15 Jan 2018
A Certified Financial Planners (CFP) is trained to assess your financial situation, evaluate your investments, and develop a plan of action. This will include preparing a comprehensive financial plan, implementing recommendations, and monitoring the plan on an ongoing basis. There should also be an analysis of your estate plan, an evaluation of insurance coverage and products, and asset allocation recommendations for investment accounts. A CFP should always work in the client’s best interest and be clear of the scope of services being offered and any compensation for these services.
How does a CFP get paid?
The CFP may charge:
1. A fee only (flat fee or hourly) rate that could be for a one-time consultation or reoccurring.
2. A fee based on assets under management (AUM); the average fee is 1%.
3. A commission from investment products (less common) and insurance products.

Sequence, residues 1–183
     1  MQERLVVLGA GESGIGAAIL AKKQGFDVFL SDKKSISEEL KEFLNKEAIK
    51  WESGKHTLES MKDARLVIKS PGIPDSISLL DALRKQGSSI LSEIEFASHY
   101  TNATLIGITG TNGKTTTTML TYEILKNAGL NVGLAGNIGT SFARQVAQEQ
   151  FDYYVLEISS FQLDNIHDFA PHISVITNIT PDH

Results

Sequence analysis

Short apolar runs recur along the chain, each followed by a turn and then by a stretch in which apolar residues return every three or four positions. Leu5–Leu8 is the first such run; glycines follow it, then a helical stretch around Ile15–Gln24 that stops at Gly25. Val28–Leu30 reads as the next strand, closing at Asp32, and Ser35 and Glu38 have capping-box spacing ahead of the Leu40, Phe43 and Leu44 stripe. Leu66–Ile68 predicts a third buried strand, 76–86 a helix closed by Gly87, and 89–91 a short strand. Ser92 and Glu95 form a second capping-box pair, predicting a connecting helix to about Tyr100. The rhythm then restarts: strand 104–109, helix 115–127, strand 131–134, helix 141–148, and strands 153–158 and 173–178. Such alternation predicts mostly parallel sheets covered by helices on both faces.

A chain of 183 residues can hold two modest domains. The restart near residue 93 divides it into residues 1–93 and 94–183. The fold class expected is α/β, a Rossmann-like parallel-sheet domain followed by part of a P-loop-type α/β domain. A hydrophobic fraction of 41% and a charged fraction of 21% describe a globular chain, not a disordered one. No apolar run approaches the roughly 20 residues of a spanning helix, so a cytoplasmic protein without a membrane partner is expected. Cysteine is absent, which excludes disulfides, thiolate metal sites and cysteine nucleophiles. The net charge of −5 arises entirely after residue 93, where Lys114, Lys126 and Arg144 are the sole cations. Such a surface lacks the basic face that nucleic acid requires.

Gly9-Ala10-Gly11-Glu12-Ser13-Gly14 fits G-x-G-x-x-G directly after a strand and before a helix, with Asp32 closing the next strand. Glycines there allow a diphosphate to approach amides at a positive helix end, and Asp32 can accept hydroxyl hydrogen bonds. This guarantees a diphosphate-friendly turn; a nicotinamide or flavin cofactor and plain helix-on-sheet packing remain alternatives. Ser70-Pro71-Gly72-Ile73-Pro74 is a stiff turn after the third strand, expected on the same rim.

If you’re working or planning to work with a CFP, ask them about their fee structure (which may be combination of the fees noted above), and the scope of services they offer. Large accounts usually pay an AUM fee, with all financial planning services included.
Paul Tramontozzi, a Certified Financial Planner at KBK Wealth Management, says he charges on a case by case basis, noting that, “If someone comes to me with no/very little assets, but needs a lot of guidance, I would charge a consulting fee.” He also notes that CFPs are held to a fiduciary standard, requiring them to put clients’ interests above their own.